An amiable little musical that pokes fun at Western singing stars, The Cowboy from Brooklyn is no great shakes as a film but is agreeably fluffy and will please fans looking for something light, nonsensical and totally inconsequential. Cowboy would never have been a great movie; it simply isn't designed for that kind of fate. But it could have benefited from a better score. The songs it has are certainly pleasant and hummable, but they fall short of being really memorable, despite the fact that they were created by the very talented Richard Whiting, Harry Warren and Johnny Mercer. Earl W. Baldwin's screenplay is serviceable; it gets the story from A to B and provides some nice jokes along the way. Lloyd Bacon's direction is to-the-point; he has a job to do and he gets it done with no fuss. And while Dick Powell is really just a little old at 34 to play the title character, who really should be someone in his 20s, he seems youthful enough that one doesn't really question things. Powell is in good voice and gives the role considerable zip. He's well matched by the lovely Priscilla Lane and gets fine support from fast-paced Pat O'Brien.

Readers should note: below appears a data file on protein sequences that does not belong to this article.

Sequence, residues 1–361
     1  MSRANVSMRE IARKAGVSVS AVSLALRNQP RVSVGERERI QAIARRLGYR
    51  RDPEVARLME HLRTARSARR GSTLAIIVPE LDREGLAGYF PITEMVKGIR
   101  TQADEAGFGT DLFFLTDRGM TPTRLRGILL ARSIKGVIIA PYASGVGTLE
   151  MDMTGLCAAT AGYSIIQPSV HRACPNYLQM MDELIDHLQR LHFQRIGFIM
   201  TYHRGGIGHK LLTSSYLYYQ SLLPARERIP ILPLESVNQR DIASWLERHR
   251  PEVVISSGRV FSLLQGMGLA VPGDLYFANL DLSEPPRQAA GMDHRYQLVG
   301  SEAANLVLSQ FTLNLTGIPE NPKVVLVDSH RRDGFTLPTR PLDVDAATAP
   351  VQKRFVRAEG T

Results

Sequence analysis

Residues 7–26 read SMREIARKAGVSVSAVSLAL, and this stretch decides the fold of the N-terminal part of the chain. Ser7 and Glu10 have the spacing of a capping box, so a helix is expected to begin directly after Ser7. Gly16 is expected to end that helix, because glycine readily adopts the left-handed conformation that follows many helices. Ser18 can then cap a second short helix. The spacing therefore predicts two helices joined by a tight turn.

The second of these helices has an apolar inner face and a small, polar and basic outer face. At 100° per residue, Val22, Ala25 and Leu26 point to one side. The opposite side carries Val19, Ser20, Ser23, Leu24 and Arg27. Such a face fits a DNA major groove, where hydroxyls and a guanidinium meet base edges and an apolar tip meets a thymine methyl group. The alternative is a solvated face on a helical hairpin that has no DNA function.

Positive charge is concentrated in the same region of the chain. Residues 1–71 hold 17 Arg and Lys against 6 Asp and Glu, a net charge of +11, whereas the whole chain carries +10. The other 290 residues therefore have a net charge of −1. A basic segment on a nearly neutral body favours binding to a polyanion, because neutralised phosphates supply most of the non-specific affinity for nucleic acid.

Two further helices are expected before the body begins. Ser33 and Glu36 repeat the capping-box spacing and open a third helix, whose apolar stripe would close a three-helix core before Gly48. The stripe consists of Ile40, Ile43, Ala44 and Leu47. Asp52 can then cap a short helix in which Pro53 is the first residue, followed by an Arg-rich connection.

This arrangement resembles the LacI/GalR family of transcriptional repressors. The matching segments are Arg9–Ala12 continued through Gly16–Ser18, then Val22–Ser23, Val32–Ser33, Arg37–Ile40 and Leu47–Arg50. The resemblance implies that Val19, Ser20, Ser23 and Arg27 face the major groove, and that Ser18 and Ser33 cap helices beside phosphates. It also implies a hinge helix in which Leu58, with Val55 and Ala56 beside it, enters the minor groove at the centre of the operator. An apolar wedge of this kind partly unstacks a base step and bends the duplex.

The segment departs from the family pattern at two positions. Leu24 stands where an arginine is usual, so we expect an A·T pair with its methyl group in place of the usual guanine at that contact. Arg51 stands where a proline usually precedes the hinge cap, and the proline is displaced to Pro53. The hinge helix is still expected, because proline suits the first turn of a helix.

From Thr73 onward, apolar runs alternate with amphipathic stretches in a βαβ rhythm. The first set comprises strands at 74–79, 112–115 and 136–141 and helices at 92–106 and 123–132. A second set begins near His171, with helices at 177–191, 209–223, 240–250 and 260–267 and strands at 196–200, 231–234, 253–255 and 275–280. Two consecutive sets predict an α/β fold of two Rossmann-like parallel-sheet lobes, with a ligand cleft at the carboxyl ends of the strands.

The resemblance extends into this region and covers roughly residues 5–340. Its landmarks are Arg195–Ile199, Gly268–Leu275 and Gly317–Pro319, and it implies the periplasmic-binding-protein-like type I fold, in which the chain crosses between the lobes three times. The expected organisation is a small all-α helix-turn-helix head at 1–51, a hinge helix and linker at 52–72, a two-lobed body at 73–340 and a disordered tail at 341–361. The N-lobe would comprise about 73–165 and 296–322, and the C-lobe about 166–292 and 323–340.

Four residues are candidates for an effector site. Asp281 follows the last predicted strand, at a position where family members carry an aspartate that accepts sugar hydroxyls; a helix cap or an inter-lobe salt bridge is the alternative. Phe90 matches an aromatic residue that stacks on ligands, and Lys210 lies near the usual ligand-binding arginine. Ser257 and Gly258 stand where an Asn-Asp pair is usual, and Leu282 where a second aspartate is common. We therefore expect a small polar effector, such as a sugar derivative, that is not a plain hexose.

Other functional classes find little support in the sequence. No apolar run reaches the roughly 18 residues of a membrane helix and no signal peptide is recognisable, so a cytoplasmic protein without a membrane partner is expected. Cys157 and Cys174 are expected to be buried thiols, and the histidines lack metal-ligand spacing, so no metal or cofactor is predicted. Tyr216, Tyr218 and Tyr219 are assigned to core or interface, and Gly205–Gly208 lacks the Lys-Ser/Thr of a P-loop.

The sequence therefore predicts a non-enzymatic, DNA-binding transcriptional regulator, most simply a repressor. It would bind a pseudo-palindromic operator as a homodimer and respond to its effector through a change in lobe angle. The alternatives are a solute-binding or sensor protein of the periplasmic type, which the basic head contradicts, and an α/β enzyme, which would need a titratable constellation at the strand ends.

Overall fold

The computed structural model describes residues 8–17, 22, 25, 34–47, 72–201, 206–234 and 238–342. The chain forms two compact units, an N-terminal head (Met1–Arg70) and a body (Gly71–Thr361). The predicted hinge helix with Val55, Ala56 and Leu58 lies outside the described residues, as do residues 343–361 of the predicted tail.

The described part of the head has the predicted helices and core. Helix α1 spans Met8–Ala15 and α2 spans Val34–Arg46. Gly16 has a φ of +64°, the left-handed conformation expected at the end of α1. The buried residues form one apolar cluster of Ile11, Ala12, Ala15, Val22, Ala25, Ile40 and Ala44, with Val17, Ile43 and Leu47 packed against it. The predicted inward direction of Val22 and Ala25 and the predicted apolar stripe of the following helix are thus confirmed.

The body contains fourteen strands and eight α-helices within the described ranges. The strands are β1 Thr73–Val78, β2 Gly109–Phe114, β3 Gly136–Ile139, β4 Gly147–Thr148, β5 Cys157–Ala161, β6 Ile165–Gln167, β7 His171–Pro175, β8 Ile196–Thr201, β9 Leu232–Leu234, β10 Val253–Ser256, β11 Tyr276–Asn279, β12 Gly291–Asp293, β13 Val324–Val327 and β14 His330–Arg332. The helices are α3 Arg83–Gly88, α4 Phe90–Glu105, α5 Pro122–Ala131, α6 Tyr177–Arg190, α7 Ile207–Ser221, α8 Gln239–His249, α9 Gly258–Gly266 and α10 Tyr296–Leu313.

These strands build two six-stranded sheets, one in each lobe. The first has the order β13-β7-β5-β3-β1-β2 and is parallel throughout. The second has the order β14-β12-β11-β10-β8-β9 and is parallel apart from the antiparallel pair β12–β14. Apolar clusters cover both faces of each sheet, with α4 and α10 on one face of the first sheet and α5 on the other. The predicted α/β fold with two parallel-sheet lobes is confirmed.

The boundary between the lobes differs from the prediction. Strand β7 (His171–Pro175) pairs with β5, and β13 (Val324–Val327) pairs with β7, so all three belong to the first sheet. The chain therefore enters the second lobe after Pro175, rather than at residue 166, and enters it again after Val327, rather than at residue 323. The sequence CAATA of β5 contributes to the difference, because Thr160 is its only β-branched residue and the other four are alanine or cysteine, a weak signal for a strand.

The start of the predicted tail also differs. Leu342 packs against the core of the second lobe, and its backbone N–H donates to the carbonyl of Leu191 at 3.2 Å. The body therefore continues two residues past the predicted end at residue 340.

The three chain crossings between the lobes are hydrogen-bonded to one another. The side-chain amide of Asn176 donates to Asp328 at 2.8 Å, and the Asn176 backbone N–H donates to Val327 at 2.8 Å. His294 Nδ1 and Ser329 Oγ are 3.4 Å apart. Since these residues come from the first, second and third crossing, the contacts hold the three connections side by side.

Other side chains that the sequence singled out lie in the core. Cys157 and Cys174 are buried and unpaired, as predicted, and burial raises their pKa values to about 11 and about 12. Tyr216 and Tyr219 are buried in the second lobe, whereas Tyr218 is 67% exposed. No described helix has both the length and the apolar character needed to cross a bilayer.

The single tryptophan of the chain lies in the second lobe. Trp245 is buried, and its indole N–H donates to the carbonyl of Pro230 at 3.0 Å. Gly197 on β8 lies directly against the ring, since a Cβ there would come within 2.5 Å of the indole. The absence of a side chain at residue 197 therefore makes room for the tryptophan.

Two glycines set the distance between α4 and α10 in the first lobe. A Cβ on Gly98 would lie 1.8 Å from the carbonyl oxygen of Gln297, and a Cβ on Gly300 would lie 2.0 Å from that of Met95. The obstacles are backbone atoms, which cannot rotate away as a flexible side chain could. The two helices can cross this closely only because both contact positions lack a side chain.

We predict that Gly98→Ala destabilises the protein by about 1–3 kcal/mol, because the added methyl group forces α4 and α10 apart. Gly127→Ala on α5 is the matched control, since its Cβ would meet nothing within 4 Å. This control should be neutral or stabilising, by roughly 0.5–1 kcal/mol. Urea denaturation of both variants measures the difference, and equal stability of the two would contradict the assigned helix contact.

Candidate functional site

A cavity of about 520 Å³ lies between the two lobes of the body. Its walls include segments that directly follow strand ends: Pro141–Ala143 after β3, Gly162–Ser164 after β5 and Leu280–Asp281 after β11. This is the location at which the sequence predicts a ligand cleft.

Dick Powell stars as a Brooklynite who becomes a cowboy in spite of himself. Drifting into a small western town, Powell takes the only job available as a ranch hand. He likes to sing in his spare time, which attracts the attention of talent scout Pat O'Brien. Before you can say Gene Autry, Powell is promoted into America's favorite singing cowboy--though he's hard pressed to prove his western skills when the plot situations demand it. Rather condescending in its attitude towards western stars (as non-western movies tended to be in the 1930s, 1940s and 1950s), Cowboy From Brooklyn was another step backward in the (temporarily) fading career of Dick Powell. The only good thing to come out of the film was the song "Ride, Tenderfoot, Ride," which became the leitmotif of many a Warner Bros. cartoon short.